HIV

By Cade Knudson

Causes of HIV

The HIV virus is contracted by contact with someone who has the virus through sex, transfusions of blood that carries the virus, whether it be through shared needles or normal blood transfusions, and can be passed on to child during birth if pregnant.

Symptoms

Upon contractions, the HIV virus attacks what is known as your CD4 cell, which is the cell that produces white blood cells to fight off infection, meaning that the virus targets your immune system. Once the CD4 cell counts drops below 200, HIV will then progress to AIDS (Auto Immune Deficiency).

Symptoms of HIV include fever, headache, and enlarged lymph nodes. Once the disease grows stronger, the symptoms evolve into rapid weight loss and sores on the mouth and genitals. Blotchy skin may also occur.

Replication of HIV

HIV replicates by infecting multiple cells within the body, specifically the T Cells, where it goes through multiple reproduction steps. It starts when the cell binds and fuses to the healthy cell, allowing it to release genetic material into the host cell. It then goes through reverse transcription, where a special enzyme called reverse transcriptase changes the genetic material so the infection can be integrated with the DNA. The next step in the process is called transcription, where the host cell is fooled into making more of the virus' genetic material, using its own enzymes. This prohibits the cell from making proteins. Next comes the Assembly, where an enzyme cuts the longer strands of the virus into individual ones in order to create new viruses. Lastly, budding occurs where the virus bud out and release from its host cell, where they will go on to infect other cells.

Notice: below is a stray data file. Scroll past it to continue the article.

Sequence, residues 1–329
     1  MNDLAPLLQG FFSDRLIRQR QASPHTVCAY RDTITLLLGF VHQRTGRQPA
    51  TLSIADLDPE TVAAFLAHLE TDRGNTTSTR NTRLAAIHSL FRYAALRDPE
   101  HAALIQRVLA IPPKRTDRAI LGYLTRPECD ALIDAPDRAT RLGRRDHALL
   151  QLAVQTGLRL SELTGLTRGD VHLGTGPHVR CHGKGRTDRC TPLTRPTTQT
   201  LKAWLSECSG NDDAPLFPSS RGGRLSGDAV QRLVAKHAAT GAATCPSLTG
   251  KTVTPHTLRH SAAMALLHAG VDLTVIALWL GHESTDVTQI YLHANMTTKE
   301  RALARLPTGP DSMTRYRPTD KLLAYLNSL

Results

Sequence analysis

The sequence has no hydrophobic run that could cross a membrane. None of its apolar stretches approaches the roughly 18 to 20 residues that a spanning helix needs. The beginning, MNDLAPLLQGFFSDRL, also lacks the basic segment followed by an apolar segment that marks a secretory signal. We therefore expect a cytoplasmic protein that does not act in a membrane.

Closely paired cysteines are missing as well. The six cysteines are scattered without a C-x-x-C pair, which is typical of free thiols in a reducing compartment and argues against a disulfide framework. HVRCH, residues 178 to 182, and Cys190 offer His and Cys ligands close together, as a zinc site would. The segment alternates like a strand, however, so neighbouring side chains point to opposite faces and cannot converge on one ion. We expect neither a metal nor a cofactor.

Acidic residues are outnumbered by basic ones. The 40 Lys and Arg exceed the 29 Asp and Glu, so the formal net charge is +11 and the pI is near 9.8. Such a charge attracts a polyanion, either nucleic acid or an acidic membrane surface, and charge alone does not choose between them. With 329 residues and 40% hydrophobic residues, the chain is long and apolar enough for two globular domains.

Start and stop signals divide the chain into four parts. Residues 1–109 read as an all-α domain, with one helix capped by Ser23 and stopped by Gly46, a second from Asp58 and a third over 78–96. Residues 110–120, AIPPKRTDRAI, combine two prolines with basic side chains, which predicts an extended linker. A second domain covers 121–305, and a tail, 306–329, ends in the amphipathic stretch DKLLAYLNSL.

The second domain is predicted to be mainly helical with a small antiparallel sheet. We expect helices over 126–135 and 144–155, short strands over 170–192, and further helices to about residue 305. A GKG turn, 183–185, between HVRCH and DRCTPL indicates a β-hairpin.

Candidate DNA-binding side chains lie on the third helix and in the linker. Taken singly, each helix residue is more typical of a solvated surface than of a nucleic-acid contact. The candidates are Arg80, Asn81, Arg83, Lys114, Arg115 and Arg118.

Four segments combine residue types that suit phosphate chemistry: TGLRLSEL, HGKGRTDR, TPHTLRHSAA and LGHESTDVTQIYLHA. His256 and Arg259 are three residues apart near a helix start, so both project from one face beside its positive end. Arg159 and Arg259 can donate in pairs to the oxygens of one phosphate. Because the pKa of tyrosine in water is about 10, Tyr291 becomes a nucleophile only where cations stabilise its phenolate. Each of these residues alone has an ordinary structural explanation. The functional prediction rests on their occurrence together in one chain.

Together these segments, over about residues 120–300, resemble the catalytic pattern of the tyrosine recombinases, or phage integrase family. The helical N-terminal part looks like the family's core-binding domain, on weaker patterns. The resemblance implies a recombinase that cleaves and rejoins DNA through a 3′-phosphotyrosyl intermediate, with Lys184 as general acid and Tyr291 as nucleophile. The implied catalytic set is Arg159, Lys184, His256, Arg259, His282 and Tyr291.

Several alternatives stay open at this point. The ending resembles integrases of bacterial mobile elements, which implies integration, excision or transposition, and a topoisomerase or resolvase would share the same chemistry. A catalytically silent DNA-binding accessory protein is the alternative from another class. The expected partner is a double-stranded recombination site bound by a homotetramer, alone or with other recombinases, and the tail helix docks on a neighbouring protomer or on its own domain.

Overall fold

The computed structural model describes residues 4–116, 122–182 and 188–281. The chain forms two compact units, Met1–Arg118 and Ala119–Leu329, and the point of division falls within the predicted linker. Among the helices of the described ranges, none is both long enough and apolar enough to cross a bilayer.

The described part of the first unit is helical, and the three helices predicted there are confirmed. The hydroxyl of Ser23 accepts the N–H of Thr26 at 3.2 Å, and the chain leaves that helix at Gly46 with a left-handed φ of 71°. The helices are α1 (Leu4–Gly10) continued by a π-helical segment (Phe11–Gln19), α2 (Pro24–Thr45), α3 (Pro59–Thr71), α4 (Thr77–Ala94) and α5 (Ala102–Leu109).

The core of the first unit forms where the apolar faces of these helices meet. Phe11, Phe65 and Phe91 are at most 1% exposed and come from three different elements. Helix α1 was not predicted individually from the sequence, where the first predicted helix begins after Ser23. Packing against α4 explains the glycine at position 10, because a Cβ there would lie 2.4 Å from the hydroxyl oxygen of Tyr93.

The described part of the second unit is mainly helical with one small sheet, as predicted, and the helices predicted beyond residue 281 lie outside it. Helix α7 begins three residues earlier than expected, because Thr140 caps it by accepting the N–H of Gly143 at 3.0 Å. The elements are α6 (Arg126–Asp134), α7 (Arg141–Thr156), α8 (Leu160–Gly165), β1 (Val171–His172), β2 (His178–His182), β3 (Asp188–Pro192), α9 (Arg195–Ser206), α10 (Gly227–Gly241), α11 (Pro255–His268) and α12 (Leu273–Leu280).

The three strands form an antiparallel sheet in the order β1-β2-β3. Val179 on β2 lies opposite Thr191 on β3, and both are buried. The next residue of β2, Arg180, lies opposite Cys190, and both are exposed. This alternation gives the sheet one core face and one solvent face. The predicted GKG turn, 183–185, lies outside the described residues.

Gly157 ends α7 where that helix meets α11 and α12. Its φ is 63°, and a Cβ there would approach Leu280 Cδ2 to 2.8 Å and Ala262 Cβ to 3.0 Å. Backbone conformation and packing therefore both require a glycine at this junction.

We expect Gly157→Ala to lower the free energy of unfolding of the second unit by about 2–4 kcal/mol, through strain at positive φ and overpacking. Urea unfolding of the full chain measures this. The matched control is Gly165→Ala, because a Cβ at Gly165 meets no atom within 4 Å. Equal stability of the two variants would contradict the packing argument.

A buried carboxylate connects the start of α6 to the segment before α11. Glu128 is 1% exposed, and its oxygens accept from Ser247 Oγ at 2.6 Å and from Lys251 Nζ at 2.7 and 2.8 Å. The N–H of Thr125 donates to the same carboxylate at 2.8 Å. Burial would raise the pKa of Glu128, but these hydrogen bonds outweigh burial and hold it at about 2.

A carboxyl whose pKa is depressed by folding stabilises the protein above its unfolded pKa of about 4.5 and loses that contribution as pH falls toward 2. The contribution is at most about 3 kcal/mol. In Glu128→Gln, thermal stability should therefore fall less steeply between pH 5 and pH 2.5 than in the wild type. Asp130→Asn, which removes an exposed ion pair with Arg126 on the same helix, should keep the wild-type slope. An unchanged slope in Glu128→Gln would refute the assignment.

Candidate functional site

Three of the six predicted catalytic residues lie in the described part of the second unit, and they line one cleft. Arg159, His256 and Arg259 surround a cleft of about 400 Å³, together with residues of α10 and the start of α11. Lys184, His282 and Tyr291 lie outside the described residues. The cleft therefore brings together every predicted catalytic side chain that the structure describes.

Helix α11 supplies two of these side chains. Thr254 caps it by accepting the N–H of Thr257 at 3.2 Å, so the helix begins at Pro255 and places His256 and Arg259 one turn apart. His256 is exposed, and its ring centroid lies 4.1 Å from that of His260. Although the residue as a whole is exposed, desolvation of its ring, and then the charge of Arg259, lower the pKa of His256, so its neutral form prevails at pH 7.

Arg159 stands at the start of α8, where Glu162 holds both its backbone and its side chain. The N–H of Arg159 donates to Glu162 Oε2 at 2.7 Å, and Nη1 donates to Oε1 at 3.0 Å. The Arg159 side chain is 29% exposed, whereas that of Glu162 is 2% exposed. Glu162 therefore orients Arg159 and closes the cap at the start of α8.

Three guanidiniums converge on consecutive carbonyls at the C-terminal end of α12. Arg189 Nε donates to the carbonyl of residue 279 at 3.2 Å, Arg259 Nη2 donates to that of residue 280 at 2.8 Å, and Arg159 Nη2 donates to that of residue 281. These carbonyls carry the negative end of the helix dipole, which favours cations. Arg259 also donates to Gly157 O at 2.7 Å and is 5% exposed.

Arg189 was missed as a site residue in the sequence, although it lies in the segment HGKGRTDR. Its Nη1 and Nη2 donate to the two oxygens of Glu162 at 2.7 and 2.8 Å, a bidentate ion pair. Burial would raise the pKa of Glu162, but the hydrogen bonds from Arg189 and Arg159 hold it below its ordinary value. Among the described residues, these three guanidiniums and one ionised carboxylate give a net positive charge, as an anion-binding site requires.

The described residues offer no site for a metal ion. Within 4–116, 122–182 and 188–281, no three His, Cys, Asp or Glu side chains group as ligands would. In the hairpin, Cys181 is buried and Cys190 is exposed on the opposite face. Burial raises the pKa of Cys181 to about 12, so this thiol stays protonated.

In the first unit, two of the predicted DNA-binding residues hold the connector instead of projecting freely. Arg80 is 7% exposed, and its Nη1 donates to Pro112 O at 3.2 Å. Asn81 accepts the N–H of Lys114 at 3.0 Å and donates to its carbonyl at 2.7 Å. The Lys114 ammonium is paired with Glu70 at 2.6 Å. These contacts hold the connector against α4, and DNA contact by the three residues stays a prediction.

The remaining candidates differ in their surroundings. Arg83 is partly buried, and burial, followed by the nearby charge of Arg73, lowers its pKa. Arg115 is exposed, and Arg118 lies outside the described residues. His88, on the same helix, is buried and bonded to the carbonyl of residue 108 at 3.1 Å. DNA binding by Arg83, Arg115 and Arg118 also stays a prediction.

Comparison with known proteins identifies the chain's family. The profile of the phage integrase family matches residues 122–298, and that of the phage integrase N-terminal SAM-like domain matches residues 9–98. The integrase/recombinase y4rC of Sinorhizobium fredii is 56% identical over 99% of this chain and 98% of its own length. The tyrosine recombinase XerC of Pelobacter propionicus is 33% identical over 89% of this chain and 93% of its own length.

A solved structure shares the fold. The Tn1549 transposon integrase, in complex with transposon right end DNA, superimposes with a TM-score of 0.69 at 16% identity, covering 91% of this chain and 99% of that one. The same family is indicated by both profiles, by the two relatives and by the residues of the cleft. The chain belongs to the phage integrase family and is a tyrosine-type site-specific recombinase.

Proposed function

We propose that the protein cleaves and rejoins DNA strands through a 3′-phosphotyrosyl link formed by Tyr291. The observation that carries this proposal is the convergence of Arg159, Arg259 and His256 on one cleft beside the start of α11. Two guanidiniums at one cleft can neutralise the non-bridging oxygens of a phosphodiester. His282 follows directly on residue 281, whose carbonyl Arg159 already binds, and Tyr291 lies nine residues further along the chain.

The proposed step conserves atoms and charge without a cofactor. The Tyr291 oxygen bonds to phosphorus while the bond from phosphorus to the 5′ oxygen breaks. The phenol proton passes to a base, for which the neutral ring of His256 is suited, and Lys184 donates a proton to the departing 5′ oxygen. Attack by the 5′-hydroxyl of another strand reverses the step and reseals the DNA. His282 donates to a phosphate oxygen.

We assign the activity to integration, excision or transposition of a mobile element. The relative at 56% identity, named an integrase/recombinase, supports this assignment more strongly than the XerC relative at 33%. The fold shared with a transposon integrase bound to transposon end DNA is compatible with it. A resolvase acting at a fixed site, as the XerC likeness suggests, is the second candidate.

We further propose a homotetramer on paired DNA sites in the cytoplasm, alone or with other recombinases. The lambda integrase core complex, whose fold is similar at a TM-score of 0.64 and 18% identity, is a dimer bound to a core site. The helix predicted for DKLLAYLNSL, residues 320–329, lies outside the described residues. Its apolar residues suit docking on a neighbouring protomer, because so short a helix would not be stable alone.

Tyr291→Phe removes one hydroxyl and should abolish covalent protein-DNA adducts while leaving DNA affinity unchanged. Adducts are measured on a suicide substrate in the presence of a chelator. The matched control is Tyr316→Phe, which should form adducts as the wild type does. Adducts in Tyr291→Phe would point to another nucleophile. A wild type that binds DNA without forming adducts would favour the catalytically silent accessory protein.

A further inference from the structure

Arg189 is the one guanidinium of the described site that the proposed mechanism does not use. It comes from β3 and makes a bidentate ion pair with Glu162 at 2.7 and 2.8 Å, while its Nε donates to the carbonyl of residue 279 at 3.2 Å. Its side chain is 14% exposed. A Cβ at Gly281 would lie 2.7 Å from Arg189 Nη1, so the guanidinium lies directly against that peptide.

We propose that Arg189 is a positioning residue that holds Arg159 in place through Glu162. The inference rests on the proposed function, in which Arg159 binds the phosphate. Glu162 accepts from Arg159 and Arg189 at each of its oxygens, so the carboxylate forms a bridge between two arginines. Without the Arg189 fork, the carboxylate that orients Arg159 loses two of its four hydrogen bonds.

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Immune Cells Involved in Response

HIV directly interrupts the immune system by targeting the T helper cells. The body's initial response is to get rid of the virus, and to a point is successful, although some of the virus manages to stay behind. Once the T cells are infected, they start creating new viruses instead of working for the immune system, and are eventually killed off by the virus.

Treatment of HIV

Although no cure exists yet, strict adherence to the virus can slow down the evolution of AIDS, as well as prevent further infections. This method is called antiretroviral therapy. These medicines stop the virus from multiplying, and also reduce the possibility of spreading it. Although this treatment doesn't cure it, it can help you live a longer life, but is important to start treatment as soon as possible.

Prevention of HIV

Prevention methods include having less risky sex, get tested/treated for STDs, use a condom, don’t inject drugs (but if you do make sure it's sterile and don’t share it).
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